- Cong has given 11 tickets to the families of Churchill Alemao, Joachim Alemao, Pratapsingh Rane, Ravi Naik, the Monserrates, the Madkaikars
- Congress is in poll alliance with NCP, which has got seven seats. So one-third of the Congress’s 33 tickets have gone to families of three former chief ministers and two ministers.
The people of Goa, which goes to the hustings on March 3, seem trapped between some bad political options and the deep sea: the choice is between the clan-ridden Congress and the BJP, with which the sizable Christian population is uncomfortable. The Congress, in the public mind, is associated with six powerful clans. Now, people even have an acronym for it—the MMAARR alliance, after the Monserrate, Madkaikar, (Churchill) Alemao, (Joachim) Alemao, Rane and Ravi Naik families—coined, not surprisingly, by Manohar Parrikar, a former CM, and the face of the BJP campaign in the state.
Members of the six families have cornered tickets to more than one-fourth of the assembly seats—11 out of 40. And since the party is in alliance with the NCP, which got seven tickets, the MMAARR families have actually kept one-third of the Congress tickets to themselves. People think it’s an extraordinary display of nepotism even by Congress standards, and bitter complaints have been heard during the campaign. “It will be a miracle for the Congress to return to power,” says the owner of a restaurant in Salcette taluka, a traditional Congress stronghold. Over the last 32 years, Goa has had Congress governments (in one form or the other), except for a BJP stint in 2000-05. But this time, the bets are on a BJP victory.
But this does not move the recipients of Congress benevolence, who insist they are “winnable candidates”. Says Churchill Alemao, former CM and head of one of Goa’s most powerful political families, “When I’ve helped so many people win elections, what’s wrong with helping my daughter win?” And his daughter Valanka says, “I’m proud to be my father’s daughter, but that isn’t why I got the ticket: people forget I’m a professional (an advocate) and have worked hard in Benaulim to merit a ticket. People forget I inherit my father’s enemies too.” She had sought a ticket for the South Goa parliamentary seat in 2009, but was turned down. Joachim Alemao, Churchill’s uncle, on his part, has got himself a Congress ticket and an NCP ticket for his son Yuri.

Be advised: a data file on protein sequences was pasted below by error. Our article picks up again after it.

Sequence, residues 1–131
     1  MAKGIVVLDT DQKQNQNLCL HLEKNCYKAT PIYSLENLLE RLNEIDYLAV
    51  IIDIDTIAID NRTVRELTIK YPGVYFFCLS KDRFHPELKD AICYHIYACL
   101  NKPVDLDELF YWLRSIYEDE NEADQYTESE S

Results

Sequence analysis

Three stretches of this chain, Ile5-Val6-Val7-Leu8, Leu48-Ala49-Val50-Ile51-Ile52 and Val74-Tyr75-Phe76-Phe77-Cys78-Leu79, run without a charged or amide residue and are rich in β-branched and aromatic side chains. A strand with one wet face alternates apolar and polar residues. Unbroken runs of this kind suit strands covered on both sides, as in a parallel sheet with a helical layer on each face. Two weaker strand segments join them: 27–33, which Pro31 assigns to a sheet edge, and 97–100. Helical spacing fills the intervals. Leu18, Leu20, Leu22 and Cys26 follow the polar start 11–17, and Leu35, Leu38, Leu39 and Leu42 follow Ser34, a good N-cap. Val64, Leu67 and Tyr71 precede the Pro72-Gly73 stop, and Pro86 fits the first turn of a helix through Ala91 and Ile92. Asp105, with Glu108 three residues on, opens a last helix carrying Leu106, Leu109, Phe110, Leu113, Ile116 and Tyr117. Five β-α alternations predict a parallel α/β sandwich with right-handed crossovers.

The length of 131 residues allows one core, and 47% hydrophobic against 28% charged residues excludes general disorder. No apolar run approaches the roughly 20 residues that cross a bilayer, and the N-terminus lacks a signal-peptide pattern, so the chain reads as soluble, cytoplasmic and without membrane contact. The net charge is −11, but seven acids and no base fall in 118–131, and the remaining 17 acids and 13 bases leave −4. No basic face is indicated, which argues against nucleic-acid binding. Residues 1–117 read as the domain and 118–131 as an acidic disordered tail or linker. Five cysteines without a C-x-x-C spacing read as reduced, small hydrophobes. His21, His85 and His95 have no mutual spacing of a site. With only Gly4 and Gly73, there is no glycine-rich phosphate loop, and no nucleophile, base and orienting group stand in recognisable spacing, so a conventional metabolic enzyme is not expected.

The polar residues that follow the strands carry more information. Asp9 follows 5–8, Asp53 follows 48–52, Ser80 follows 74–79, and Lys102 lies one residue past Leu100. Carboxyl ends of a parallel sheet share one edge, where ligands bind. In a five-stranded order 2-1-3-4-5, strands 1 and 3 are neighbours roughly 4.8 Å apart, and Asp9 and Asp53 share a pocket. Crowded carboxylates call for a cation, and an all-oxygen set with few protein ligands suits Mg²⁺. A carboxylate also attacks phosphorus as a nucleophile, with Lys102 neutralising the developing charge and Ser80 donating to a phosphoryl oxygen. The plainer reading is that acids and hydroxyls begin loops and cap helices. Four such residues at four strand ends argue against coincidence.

The other families haven’t fared badly either. Atanasio ‘Babush’ Monserrate and his wife Jennifer have both got tickets; so have Pandurang Madkaikar and his brother Dhaku, Pratapsingh Rane and his son Vishwajit, and Ravi Naik and his son Rithesh. Churchill, Pratapsingh and Ravi Naik are former CMs; the others are current or ex-ministers. No wonder the BJP is hitting out at this. One of its posters says: “Goa doesn’t belong to these families. Don’t let them gobble up people’s money.”
The unlikely outsider in all this is chief minister Digambar Kamat. Sidelined, he couldn’t swing tickets for two of his choices, and is expected to face a tough time keeping his Margao seat. He has also faced flak for turning a blind eye to the illegal mining that is destroying Goa. A Parrikar-headed pac concluded that illegal mining had cost Goa some Rs 4,000 crore. Parrikar says, if elected, the BJP would instal a Lokayukta to probe the mining cases. He also wants to reinvest mining royalties in eight constituencies violated by mining.
But will he be back in the chair? The BJP is contesting 28 seats and has tied up with the Maharashtrawadi Gomantak Party (MGP), which is fighting in eight seats and supporting four independents. Parrikar’s disadvantage is that he is seen as autocratic. Besides, Catholics are uneasy with the BJP. There are also fears the party may impose Konkani at the cost of English, and Parrikar’s attempt to cancel the Good Friday holiday (which he blames on miscommunication) had angered Christians. So the game will be decided by the extent of perceived negativities, against the Congress clans and the BJP-MGP combine.